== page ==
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Personalize Learning (#plearnchat)
What pathways are being designed in today's schools to personalize the learning experience?
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Scooped by Kathleen McClaskey
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Learners NOT Students!

Learners NOT Students! | Personalize Learning (#plearnchat) | Scoop.it
The term "student" was defined in the middle ages. It is time to rethink what that implies and redefine the learner.
Kathleen McClaskey's insight:

All of us are learners. Think about it. We were born curious and open to learning or we wouldn't walk or talk. It's just how each of us were made. Learning is part of us. We were not born students-- we were born learners. Our first experiences of learning was through play and discovery.

 

A learner...

>> develops their own learning goals.

>> monitors their progress in meeting their goals.

>> has a purpose or interest to learn something.

>> asks questions.seeks information.

>> finds ways to collaborate with others.

>> wants to know something because they want to know it -- not for a grade.

>> is curious about life and never stops learning.

 

Rethink what the term "student" implies.

All the references to student that we could find represent someone who studies or is being taught as part of an institution.

 

What are your thoughts about using the term "learner" instead of "student"?

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Monica S Mcfeeters's curator insight, April 22, 2013 4:35 PM

This is so very true. People develop a real meaningful reason for learning or the learning will have much less staying power. I love what this article points out. Teacher's function best if they provide guidance for the process and monitor success.

Thomas C. Thompson's curator insight, April 26, 2013 2:53 PM

I like the debate this could start in my classroom!

Meri Walker's comment, May 1, 2013 3:40 PM
It's been so long since I could call anyone a "student" with a straight face. I call people participants and learners... because the "student" label means I'm a "teacher" and I'm not...I'm a learner, too.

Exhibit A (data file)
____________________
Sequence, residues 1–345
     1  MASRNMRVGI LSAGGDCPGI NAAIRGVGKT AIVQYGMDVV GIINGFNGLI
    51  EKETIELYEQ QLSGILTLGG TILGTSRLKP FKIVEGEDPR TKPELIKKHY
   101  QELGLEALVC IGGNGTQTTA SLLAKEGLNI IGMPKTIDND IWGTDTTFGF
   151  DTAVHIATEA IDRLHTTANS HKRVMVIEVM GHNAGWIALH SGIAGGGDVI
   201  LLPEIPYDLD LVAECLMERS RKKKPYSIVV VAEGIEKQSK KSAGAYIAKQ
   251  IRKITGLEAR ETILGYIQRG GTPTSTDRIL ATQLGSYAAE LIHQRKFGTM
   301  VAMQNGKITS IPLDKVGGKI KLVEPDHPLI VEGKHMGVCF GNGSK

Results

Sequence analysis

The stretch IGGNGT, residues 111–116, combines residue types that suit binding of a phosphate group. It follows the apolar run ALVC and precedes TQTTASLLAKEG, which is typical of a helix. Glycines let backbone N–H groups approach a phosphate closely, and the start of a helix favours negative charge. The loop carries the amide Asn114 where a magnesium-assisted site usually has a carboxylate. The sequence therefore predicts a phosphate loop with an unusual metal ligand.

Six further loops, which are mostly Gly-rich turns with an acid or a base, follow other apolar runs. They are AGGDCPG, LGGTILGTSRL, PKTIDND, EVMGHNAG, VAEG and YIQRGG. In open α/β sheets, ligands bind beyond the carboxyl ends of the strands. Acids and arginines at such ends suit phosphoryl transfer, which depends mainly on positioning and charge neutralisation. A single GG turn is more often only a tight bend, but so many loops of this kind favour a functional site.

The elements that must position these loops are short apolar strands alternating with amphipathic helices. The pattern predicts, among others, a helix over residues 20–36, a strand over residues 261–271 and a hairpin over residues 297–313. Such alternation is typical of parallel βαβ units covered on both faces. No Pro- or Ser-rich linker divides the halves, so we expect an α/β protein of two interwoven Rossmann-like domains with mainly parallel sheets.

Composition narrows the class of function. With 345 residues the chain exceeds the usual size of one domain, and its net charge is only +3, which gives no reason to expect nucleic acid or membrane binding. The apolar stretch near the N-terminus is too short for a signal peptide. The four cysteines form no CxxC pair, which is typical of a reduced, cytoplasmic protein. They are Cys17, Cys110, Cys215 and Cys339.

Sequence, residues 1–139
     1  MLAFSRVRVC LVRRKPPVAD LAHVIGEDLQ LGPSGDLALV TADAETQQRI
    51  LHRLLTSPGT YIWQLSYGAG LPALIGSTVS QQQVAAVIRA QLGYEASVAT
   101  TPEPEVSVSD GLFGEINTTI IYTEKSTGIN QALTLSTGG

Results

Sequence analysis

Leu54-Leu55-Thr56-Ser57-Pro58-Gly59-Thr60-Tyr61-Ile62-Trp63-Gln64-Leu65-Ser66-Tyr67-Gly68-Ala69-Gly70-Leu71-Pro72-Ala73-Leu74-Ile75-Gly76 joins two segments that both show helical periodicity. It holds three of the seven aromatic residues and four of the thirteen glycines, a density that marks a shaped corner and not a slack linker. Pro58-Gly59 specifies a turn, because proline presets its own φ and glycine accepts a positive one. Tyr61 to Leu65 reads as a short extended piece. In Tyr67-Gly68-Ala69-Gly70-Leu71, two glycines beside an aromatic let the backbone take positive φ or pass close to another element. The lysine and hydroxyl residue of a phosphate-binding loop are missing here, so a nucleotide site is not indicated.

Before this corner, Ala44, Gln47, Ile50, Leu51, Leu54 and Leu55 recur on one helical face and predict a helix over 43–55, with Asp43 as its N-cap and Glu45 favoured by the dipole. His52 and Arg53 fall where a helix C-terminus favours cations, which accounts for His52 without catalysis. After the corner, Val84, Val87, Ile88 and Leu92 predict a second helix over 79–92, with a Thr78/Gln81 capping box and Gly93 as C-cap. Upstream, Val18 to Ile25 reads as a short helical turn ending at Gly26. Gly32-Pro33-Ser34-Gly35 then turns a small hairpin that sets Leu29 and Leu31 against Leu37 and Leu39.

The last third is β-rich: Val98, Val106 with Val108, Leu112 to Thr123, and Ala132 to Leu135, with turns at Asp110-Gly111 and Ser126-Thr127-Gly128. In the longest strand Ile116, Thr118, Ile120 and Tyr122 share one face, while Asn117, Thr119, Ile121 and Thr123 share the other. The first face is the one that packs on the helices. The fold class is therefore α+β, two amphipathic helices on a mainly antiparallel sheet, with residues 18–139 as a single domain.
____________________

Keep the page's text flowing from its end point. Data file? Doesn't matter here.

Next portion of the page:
Scooped by Kathleen McClaskey
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In Pursuit of Personalized Learning

In Pursuit of Personalized Learning | Personalize Learning (#plearnchat) | Scoop.it

The complex needs of our 21st century learners are driving our education systems to a new focus on personalized learning. Articles, videos and blogs with impressive examples of personalized learning are flooding the media. Many examples involve uses of technology that amaze and motivate us to move forward in that direction, but what can we do in the meantime? Are there basic shifts in focus we can take to move us forward without weeks of PD or specialized training?

 

The four descriptions in this blog help to clarify PL and identify some strategies that foster this preferred way of learning. These strategies are already evident in our classrooms and with more emphasis can be used as a springboard to greater personalized learning opportunities.

 

1. "Teaching students HOW to think instead of WHAT to think"

2. "Opening the door to Choices"

3. "Creating collaborative cultures"

4. "Showcasing the Learning Process"

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Rescooped by Kathleen McClaskey from UDL - Universal Design for Learning
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The Student Voice – "I learn best in class when…”

The Student Voice – "I learn best in class when…” | Personalize Learning (#plearnchat) | Scoop.it

After reading these student responses and reviewing the graph on how students learn best, it became evident the need to apply the principles of UDL in our instruction.  Listen closely and learn!

 

"In our continuing look at what works and doesn't work for students, based on our 7300+ student survey reponses, we consider their answer to the prompt: I learn best in class when...

There are few real surprises in the findings: they learn best when there is hands-on experience, lots of examples, discussion, order, visual aids. But have a look at the patterns. More specifically, as you read these, ask yourself: Which of these form a consistent pattern of common-sense best practice? However: Which of these answers in general conflict with one another? In other words, we have below some important evidence of an easily-overlooked fact: what works for some people does not work for others. So, as professionals we have an obligation to factor that need for varied and differentiated learning into our plans." - Grant Wiggins

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